I’ve been staring at it for 10 days. Off and on. And not every day. But sometimes for an unusually long time. The paper sits mixed among the scattered piles of paper on my (to the untrained eye) very messy desk. Right there underneath a recent P&L statement I was looking at, next to an outline of a project I am grappling with, and shielding me from some invoices I need to pay.
When I first saw it, I recognized the penmanship of course, even though I haven’t seen it in almost 50 years. Neat, tight, and clear, as I imagine it always has been. Name (including nickname back then) in block letters. Home telephone number. Mobile number. Email address with a ” * ” beside it. Then another email contact point. Finally, a long rural home address printed neatly in block letters.
“It” was given to me by one of my closest friends after we had said our final goodbyes to another. He filled me in on the chance encounter. They both had been in the emergency department of a rural hospital, and despite the travails causing each of them to be there, the serendipity of their crossing paths didn’t escape them. Our home town was hundreds of miles away and eons in the past.
I was so different then. I often chuckle at the innocence and most surprisingly at the timidity I exhibited as a teenager. I know we all mature and grow, but we do so in various ways and to different degrees. There is much of me that is vastly different to when I was 17. I’m certain we all can say that, of course,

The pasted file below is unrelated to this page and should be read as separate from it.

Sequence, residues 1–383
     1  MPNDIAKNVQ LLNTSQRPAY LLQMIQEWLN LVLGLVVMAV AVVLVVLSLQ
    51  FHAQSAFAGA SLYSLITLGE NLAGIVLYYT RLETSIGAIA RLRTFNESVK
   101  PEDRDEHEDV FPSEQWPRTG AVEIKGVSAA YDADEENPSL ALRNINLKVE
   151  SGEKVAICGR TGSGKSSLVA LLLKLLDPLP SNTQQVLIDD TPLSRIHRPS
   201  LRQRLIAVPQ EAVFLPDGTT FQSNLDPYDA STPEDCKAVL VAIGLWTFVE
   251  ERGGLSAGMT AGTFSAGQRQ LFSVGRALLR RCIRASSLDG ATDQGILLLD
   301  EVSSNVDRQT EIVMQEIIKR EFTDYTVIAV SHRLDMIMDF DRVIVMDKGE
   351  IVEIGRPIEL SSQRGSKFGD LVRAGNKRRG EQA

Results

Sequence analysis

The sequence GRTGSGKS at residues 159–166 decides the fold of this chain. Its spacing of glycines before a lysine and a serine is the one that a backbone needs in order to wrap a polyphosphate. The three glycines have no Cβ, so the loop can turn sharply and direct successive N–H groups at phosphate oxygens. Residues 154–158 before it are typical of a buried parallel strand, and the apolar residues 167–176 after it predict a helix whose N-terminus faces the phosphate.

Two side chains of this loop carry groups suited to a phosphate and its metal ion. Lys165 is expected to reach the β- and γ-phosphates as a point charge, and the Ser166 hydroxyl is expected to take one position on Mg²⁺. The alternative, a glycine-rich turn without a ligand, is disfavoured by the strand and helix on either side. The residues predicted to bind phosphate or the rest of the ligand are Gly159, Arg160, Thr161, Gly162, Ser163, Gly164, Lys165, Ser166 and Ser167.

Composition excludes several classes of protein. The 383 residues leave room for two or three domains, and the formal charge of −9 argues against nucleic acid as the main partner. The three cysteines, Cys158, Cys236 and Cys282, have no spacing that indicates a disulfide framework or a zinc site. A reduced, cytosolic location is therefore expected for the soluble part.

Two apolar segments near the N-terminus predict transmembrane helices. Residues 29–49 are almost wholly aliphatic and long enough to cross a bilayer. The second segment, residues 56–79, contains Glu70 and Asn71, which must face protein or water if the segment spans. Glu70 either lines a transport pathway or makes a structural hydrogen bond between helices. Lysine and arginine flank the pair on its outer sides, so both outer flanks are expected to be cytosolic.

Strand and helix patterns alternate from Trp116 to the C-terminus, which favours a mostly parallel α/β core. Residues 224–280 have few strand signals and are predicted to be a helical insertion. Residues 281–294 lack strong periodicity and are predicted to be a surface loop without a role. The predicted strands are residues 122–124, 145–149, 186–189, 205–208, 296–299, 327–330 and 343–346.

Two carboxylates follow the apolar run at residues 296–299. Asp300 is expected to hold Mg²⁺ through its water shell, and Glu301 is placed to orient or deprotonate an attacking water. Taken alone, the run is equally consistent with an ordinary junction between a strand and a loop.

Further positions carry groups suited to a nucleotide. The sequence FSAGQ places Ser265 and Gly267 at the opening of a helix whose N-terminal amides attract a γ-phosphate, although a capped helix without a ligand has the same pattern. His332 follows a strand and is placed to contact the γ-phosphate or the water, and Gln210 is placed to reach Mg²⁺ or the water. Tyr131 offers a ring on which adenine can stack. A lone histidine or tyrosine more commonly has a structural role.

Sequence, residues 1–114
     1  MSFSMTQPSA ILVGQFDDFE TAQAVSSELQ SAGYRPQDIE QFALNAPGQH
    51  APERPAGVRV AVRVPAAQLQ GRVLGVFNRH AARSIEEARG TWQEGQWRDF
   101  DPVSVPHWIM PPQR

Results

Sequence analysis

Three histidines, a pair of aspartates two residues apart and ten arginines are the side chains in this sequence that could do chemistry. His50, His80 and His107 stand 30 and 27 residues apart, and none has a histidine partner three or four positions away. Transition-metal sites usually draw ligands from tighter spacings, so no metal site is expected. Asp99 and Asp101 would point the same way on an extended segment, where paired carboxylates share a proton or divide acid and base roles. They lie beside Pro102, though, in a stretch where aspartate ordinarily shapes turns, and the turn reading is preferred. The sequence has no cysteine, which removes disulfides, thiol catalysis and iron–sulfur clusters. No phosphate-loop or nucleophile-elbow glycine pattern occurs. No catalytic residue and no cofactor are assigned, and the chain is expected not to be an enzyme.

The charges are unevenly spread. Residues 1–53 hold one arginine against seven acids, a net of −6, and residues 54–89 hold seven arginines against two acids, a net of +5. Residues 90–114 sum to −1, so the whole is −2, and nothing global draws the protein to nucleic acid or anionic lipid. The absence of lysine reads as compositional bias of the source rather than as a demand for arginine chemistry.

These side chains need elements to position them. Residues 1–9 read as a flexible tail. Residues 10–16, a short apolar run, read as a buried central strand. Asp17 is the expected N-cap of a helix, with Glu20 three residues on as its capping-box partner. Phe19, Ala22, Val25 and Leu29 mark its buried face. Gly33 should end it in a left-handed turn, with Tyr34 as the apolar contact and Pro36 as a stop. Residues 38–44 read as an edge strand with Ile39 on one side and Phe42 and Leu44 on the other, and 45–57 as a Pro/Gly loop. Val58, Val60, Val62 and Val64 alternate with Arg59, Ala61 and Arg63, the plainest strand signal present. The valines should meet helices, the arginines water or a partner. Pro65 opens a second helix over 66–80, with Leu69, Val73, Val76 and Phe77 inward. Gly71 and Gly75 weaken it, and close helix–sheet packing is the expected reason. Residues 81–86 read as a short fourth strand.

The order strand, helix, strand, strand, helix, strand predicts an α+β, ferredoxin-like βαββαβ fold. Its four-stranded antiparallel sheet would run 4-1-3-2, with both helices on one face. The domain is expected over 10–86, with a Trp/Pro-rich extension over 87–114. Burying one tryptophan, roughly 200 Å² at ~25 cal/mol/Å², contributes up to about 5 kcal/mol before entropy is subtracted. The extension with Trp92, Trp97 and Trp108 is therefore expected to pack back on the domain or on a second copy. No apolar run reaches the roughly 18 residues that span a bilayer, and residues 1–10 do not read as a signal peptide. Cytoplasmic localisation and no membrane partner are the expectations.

We dated. Quite a bit. But Amy was one of the most popular girls in her year. Beautiful and tiny. Long dark hair down her back, with sparkling green eyes. She and her two siblings were near-certified geniuses, too. She had a long line of suitors from not only our school, but several other schools throughout the city. All better looking than me I felt, most more athletic. She liked me, of course. Heck she wouldn’t have spent so much time with me, given all her choices, if she didn’t. But I wasn’t confident enough then to push and pursue. And I dated several others, too. We saw each other a few times while we attended different colleges, 500 miles apart. But that never works and it didn’t.
I’m still staring. What will I do? Well, dear Reader, you and I both know what I will do. But when? What will I say? And will she answer?